We don’t usually write about a restaurant the same night we eat there, but there are a couple of circumstances that come together to make tonight an exception. For one thing, this wasn’t our first rodeo…we’ve eaten at Tallula before and had a great meal every time. More important, though, is the fact that one of the recommendations we’re about to make has a distinct expiration date: this Sunday.
Along with its fellow Neighborhood Restaurant Group establishments, Tallula is celebrating the Olympics. Each of the six properties has adopted a country, and they are offering special food and beverage options that reflect that country’s cuisine. Get your “Olympic Passport” stamped at all six restaurants, and you earn a $50 NRG gift card for use at any of the six. You’ll also be entered into a drawing for three grand prizes during an outdoor celebration at Evening Star Cafe on Sunday. If you’re just getting started, you may have a tough time hitting all six in time to make the drawing (though it can certainly still be done!).
Of all the Olympic menu items, there was one in particular that caught our eye (okay, two if you count the poutine at ChurchKey). We’re suckers for a good pierogi, those Eastern European pockets of dough stuffed with delicious, hearty fare like potatoes. When we saw that Chef Barry Koslow and his crew at Tallula were taking them on, we knew where we’d be heading.
After the jump, I risk alienating my Russian-American family members with a startling confession.
Seriously, these were the pierogis of the gods. They were light. They were fork-tender. And they were filled with an inspired combination of whipped potatoes, smoked kielbasa and cheese. A cooling dip of sour cream, creme fraiche, fresh horseradish and green onions was on hand to temper the rich flavors. The texture was damn near perfect, with a light crisp where the dough appeared to have been pan-seared and a soft chew throughout. Served two to a plate for $4, they felt like a steal.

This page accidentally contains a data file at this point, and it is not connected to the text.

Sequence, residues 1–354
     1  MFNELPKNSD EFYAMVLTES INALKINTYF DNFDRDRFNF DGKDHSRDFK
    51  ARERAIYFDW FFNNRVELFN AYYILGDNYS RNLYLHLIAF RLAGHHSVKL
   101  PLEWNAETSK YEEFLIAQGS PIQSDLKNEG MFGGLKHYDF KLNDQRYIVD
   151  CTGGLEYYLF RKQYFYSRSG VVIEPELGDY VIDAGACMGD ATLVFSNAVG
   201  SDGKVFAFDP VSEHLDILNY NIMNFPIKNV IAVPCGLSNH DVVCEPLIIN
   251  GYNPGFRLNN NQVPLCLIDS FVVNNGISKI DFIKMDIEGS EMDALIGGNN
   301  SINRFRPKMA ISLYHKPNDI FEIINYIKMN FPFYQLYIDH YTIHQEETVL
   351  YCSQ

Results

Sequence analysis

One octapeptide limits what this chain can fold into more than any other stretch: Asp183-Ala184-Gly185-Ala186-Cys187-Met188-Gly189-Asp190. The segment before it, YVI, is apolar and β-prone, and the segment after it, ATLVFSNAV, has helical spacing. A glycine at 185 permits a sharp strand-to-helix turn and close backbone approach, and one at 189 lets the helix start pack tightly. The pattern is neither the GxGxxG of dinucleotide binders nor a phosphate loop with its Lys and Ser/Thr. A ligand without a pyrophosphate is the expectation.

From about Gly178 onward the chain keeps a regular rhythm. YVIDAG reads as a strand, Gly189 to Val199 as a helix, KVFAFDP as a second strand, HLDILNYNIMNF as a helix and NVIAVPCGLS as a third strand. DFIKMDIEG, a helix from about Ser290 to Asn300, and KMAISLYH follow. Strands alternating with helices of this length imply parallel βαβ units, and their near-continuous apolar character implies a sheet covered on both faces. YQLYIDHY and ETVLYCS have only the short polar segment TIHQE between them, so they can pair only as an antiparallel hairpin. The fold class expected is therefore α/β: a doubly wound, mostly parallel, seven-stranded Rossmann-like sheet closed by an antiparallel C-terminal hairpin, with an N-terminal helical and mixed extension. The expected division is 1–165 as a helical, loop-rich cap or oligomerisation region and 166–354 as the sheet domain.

But we didn’t limit ourselves to the Olympic specials (though I did take advantage of the full Polish Hat Trick: a plate of the pierogis, a Zywiec lager and a shot of Belvedere vodka all for $15). We each ordered another appetizer to help round out our meals, and we shared a dessert.
After the big, savory flavors of the pierogi, Elizabeth wanted something a little bit on the little side. She ordered the smoky miso soup, which certainly lived up to its name. The broth had a depth usually not seen in miso soup, and the paste was joined in the broth by housemade noodles and an egg yolk that poached in the bowl. It was an impressive take on something that most sushi restaurants don’t even take that seriously.
I decided to pile on, chasing my kielbasa-stuffed pierogi with a garlic sausage patty served over fregula (pearl pasta) “risotto.” The fregula had an al dente bite, and of course it was tossed with bacon, truffle and fine herbs. Couple the bacon in the pasta, the garlic- and allspice-flavored sausage and the kielbasa in the pierogi, and I definitely experienced a wide range of Chef Koslow’s talents when it comes to plating pork.
We split a huckleberry almond cake that was still steaming when it reached our table, but we could have been just as happy if we had passed on dessert and went straight to the check. To soften the blow, the bill comes with a gift from the kitchen: a bite-sized doughnut with just the right amount of Nutella-like filling and a sweet glaze. Talk about saving the best for last…
Tallula’s focus on fresh, local and seasonal ingredients means that what you see on the menu this week will not be the same as what you saw when you were there in October. But the kitchen has a knack for turning out dishes that bring out the best in their components. Whatever the flavors of the week happen to be, we’ve always left satisfied.